File photo: People stand in front of a logo at the Facebook headquarters in London, Uk, 4 December 2017. (REUTERS/Toby Melville)
A recent study found that Facebook was one of the largest gateway for fake news in the run-up to the 2016 presidential elections.
The social media site was by far the top purveyor of fake news stories, which gives them a head start of e-mail, Google and Twitter, on the basis of three political scientists. Their findings are based on actual web traffic data pulled from 2,525 Americans, who gave permission for the research.
“We estimate that about 1 in 4 Americans visited a fake-news website, 7 October-14 November 2016,” their paper says.
On the basis of their example, the political scientists estimate 22 percent of the fake news, they visit identified were conveyed to the Americans via Facebook.
More From PCmag
Lyft Self-Driving Attractions in Las Vegas During the CES
Security Researcher Finds The 15-Year-Old MacOS Bug
Do not Miss This Great Dell, Vizio Offers
Textpert’s A. I. Is Thinking about Her Own (and it’s Creepy)
E-mail providers such as Yahoo or Gmail, responsible for more than 6 percent. Meanwhile, both Google and Twitter each may have spread less than 2 percent.
The study, which The New York Times published on Tuesday, offers a number of real hard data about how fake news is consumed. It is Facebook itself trying to fight the wrong information about the platform.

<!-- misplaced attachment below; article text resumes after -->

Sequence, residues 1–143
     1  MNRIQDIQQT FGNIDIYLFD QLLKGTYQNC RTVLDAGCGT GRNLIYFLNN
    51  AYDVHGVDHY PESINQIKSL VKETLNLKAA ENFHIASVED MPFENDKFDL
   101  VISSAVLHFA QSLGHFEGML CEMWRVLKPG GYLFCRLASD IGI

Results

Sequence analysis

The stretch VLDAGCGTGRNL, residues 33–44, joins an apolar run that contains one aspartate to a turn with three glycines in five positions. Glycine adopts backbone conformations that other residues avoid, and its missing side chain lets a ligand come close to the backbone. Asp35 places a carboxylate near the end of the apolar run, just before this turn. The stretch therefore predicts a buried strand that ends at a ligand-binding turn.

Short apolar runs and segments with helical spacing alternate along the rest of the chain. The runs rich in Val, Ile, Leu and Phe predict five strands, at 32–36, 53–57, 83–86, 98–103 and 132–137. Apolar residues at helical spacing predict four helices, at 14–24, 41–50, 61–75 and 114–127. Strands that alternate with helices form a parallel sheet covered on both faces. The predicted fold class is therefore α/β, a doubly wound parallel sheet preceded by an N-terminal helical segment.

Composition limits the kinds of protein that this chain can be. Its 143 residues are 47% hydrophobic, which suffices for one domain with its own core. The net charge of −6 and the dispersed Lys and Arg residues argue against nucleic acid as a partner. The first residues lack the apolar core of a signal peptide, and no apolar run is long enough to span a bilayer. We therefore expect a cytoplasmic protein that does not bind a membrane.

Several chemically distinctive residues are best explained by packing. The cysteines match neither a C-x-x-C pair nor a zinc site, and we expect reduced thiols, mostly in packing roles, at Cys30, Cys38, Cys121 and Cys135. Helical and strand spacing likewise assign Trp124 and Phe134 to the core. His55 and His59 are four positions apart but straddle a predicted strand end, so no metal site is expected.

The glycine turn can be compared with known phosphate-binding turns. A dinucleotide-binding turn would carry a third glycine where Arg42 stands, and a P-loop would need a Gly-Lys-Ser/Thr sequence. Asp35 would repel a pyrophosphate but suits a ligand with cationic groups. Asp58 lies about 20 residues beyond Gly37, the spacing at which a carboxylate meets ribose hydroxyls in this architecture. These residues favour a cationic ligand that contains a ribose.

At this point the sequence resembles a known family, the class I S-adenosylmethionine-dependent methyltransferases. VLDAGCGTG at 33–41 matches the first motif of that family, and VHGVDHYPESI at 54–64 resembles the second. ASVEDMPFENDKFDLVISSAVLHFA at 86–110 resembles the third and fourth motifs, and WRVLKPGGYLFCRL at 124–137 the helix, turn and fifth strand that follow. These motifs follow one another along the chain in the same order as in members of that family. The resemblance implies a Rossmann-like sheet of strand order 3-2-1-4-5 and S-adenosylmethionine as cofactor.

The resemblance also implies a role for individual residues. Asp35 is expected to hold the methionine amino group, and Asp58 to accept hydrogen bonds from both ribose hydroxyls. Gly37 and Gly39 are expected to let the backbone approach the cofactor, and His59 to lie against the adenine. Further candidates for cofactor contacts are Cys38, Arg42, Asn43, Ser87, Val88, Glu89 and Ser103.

Third-party fact-checking websites were seen as a way to stop fake news from readers for the crazy. However, these efforts appear not to reach. According to the study, when people consume fake news, they almost never read the accompanying fact-check and debunk the false claims.
But even if the study estimates that millions of Americans suffer from fake news, most of the time people are still watching the real news. For example, during the 2016 election, fake news, only 6 percent of the total news articles visited by supporters of Donald Trump.
For Hillary Clinton supporters, with the percentage of 0.8%.
Ironically, the people who read the most fake news, also read a lot of the real news, the study found. Many of the fake news was also concentrated among Trump supporters.
“The 10 percent of Americans with the most conservative information diets consumed an average of 33.16 articles of pro-Trump fake news sites,” the study said.
The remaining 90 percent more rarely consumed fake news, articles, an average of between 0.43 to article 4.2 visits in the study period.
The professors behind the study are under Brendan Nyhan of Dartmouth College, Andrew Boards of Princeton University and Jason Reifler of the University of Exeter. A limitation of the study was to saw there only to visit the website, and not the fake news consumption via mobile devices, or how users interact with the social media platforms directly.
This article originally appeared on PCMag.com.